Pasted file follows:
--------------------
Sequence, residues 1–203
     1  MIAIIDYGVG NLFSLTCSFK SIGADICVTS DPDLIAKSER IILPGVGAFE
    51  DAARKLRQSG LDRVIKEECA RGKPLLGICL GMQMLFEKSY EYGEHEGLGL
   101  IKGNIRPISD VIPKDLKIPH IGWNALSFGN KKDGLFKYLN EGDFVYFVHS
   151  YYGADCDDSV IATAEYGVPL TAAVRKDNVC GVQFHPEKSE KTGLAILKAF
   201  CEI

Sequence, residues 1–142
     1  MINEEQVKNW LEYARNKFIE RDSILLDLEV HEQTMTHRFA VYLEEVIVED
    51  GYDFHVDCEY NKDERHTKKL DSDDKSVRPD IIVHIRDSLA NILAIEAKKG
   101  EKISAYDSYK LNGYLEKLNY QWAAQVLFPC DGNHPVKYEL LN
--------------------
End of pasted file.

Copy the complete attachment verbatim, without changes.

Sequence, residues 1–203
     1  MIAIIDYGVG NLFSLTCSFK SIGADICVTS DPDLIAKSER IILPGVGAFE
    51  DAARKLRQSG LDRVIKEECA RGKPLLGICL GMQMLFEKSY EYGEHEGLGL
   101  IKGNIRPISD VIPKDLKIPH IGWNALSFGN KKDGLFKYLN EGDFVYFVHS
   151  YYGADCDDSV IATAEYGVPL TAAVRKDNVC GVQFHPEKSE KTGLAILKAF
   201  CEI

Sequence, residues 1–142
     1  MINEEQVKNW LEYARNKFIE RDSILLDLEV HEQTMTHRFA VYLEEVIVED
    51  GYDFHVDCEY NKDERHTKKL DSDDKSVRPD IIVHIRDSLA NILAIEAKKG
   101  EKISAYDSYK LNGYLEKLNY QWAAQVLFPC DGNHPVKYEL LN